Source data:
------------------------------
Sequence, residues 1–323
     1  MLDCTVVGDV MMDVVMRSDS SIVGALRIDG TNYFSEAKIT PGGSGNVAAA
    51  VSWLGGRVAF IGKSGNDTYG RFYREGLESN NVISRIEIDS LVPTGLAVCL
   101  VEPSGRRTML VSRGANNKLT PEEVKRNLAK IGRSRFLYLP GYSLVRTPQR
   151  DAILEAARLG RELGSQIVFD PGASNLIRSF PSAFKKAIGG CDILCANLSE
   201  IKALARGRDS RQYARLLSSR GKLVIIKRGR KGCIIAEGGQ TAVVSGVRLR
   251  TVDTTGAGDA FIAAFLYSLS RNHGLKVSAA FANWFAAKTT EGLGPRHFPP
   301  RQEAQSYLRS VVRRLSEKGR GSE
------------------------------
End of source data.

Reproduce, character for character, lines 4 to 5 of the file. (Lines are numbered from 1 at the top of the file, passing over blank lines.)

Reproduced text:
   101  VEPSGRRTML VSRGANNKLT PEEVKRNLAK IGRSRFLYLP GYSLVRTPQR
   151  DAILEAARLG RELGSQIVFD PGASNLIRSF PSAFKKAIGG CDILCANLSE